Add onion and grated orange peel.
        Blend in honey.
        Combine lemon juice, orange juice and red wine vinegar in seperate bowl; blend well; add to mixture.
        Add salad oil in a slow stream, beating constantly with a hand mixer or whisk.

  88. Anonymous

    Looking for Schrafft’s recipe for cream of corn soup, thanks. Marge

  89. Barbara

    No, I am still hoping for a reply/recipe for Cheesy Chowder from Marshall Field’s.

  90. I have a recipe I found on the internet, doesn’t feel right. I am looking for the recipe for veggie burgers from the Old World Restaurant on Sunset Blvd in Los Angeles. It was in the early 70’s. Thanks!!

  91. Great sounding recipes , some day will have to try them,

  92. Anonymous

    I am looking for a recipe for Rascal House Rugelach from Florida. Does anyone have it?

  93. Sharon Sokol

    Thank you for the blast from the past about Miss Hulling’s in St. Louis. Even those of us who grew up in the ’70s remember the downtown location well. It was an iconic place to dine in St. Louis, as was The Branding Iron.

    Do you have the recipe for the (to die for) Harvest Cake or prime rib at Miss Hulling’s or the creamed spinach at The Branding Iron?

  94. Lynne Sussman

    Does anyone have the recipe for Jordan Marsh Brownie recipe? I have been looking for this for years.

    • Linengray

      Jordan Marsh’s Brownies

      10 large eggs
      4 cup granulated sugar
      2 tsp. Salt
      2 tsp. vanilla
      2 cup flour
      2 tsp. baking powder
      2 sticks butter
      12 oz. semisweet chocolate
      2 cup walnuts

      Break eggs into large bowl. Add sugar,salt and vanilla.
      Mix slowly until sugar is dissolved. Set aside.

      In separate bowl, sift together the flour
      and baking powder. Set aside.

      Melt the butter and chocolate together
      in a double boiler. Add chocolate mixture
      to egg mixture and mix slowly. Fold in the
      flour mixture. Add walnuts, and mix well.

      Pour into greased 12 by 16 by 1 baking pan.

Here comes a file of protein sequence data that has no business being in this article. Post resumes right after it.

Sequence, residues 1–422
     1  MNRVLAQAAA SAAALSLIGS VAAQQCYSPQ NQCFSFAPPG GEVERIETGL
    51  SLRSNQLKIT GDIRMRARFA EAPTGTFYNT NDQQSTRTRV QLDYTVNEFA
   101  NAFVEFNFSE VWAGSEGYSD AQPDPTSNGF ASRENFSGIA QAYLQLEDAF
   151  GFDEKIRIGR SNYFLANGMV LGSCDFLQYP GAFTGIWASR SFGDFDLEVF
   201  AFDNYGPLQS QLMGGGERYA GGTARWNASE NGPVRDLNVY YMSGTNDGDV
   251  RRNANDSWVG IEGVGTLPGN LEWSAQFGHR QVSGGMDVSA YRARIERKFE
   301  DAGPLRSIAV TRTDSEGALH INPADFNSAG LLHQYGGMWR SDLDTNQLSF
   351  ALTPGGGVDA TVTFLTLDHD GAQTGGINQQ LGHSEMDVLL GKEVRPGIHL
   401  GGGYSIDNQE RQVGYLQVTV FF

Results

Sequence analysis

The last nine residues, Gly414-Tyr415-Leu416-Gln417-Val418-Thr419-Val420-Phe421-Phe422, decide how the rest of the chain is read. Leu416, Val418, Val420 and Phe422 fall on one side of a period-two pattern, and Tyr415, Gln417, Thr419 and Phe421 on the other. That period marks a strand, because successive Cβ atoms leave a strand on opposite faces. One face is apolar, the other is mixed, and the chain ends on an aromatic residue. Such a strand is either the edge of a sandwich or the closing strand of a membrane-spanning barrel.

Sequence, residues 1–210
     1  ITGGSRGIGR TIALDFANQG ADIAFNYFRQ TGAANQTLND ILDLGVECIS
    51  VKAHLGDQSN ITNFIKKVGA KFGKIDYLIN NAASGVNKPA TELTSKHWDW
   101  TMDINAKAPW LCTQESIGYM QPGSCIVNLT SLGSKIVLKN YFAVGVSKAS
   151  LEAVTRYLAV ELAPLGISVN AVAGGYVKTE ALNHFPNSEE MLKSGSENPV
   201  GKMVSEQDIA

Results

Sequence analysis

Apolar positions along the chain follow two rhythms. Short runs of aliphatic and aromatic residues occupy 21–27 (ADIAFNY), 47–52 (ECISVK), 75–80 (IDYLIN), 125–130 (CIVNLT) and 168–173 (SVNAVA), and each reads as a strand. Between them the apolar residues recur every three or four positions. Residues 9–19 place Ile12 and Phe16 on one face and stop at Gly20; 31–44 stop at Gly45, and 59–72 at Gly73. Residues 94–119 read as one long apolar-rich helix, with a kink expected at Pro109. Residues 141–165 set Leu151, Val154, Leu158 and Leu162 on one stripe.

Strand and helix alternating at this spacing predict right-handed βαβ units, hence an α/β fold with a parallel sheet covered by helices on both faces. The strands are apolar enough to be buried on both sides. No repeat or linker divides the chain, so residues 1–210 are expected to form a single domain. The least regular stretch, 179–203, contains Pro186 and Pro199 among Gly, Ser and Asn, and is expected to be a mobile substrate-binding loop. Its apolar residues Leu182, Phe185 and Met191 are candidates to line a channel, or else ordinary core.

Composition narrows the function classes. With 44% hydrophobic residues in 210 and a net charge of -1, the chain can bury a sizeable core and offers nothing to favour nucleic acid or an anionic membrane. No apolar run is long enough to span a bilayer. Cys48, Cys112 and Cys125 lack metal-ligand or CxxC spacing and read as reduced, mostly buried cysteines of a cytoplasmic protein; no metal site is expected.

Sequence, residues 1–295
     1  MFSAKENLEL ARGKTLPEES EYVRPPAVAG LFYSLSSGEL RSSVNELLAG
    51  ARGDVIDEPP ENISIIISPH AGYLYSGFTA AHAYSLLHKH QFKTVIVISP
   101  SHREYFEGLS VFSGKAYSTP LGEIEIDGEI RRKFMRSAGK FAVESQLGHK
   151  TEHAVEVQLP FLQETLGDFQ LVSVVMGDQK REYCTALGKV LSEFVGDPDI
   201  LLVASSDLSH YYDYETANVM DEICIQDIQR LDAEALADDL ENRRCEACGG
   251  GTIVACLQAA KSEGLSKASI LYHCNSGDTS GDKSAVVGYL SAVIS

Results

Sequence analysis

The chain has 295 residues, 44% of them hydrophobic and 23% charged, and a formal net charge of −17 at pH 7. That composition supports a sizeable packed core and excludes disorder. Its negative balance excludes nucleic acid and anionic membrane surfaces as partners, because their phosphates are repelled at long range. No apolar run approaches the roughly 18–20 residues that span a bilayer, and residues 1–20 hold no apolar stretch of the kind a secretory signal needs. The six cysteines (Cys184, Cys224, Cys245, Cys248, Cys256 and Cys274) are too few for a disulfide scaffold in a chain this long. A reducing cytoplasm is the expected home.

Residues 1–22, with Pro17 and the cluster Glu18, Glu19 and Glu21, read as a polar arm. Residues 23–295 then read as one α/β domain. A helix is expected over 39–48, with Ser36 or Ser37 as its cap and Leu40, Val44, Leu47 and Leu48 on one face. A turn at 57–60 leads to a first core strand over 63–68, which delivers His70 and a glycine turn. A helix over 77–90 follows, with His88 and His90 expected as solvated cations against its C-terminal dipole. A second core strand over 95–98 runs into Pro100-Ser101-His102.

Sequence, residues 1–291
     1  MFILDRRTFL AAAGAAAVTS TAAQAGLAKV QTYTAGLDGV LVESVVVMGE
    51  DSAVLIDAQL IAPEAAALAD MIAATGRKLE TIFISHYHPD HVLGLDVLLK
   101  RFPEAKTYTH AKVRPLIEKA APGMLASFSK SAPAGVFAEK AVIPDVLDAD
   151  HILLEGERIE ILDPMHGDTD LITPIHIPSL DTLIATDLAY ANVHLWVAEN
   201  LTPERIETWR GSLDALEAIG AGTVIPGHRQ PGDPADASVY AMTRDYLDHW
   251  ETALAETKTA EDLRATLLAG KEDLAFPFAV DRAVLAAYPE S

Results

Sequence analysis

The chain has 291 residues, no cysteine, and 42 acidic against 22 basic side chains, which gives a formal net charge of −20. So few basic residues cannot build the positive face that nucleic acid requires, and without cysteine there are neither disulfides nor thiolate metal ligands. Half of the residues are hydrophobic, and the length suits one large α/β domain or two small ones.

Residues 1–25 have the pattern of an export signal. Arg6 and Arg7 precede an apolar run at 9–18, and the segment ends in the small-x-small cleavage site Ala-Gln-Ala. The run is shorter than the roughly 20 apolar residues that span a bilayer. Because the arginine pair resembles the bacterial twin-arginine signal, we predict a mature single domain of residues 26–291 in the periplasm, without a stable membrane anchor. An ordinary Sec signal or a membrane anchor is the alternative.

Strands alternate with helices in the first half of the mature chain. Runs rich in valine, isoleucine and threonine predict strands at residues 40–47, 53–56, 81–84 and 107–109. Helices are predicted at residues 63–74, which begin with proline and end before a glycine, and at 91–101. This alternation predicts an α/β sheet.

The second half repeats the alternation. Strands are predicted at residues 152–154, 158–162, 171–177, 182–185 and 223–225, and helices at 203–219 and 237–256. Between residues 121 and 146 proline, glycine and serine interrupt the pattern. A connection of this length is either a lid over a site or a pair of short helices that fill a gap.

Bake at 360 (yes, 360!) for approximately 30

      Do not overbake. Makes 48 2-inch brownies.

  95. Monica D

    Is there any way you could post the recipe for the belgian waffle from The Old World restaurant in Beverly Hills/Westwood? I have wonderful memories of going there as a child.

  96. As a child I looked forward to that many layered cake at Wolfie’s on Collins Ave. in Miami Beach. I search from time to time on-line, but, alas, not yet!

  97. Lillian Hauck

    This website brought tears to my eyes. I’ve eaten at many of these restaurants and I’ve sent some of those recipes to my daughter in Seattle to try. DOES ANYONE HAVE THE RECIPE FOR SCHRAFFTS’ TUNA CASSEROLE??? I SO loved it in midtown NYC……

    • You would enjoy the book When Everybody Ate at Schrafft’s, by Joan Kanel Slomanson (2006). It has many recipes in it. Not tuna casserole but there is one for Crabmeat and Noodles au Gratin which I bet you could adapt.

  98. Cornelia Herod

    Could you please get me the recipe for your rolled up pancake? We always loved them when we were in Chicago. Thank you, Mrs Herod

    • Cornelia Herod

      They were the rolled up thin pancakes. You also could buy them in the deli dept. more like crepes. Please reply. Thank you, Cornelia Herod

      • Cornelia — The deli dept of what restaurant?

      • Shelby LaMothe

        I am pretty sure they are referring to Marshall Fields. I had these pancakes for the first time a couple of days ago at Hawk Valley Retreat in Galena, IL. They were rolled up with a mixture of maple syrup and whipped butter. The owners said they were a popular item with MF’s champagne brunch and that they make a bunch, freeze them, then thaw what they need and bake them. I am assuming the freeze them flat, then roll them up after they are thawed, but I don’t know that for certain. I, too, am looking for the recipe!

  99. Paul DelSignor

    Does anyone out there have the Jordan Marsh brownie recipe? I had it from a Waldbaums magazine but since then lost it. I would love to have it again.

  100. Amber Weidenhamer

    Dear Jan and fellow foodies,

    My mother just got me a great vintage fondue set, and I would LOVE to make some in the near future.

    Can anyone here recommend an antique recipe from their ‘Way Back When’ archives? If it comes from a famous restaurant, tea room, etc., all the better!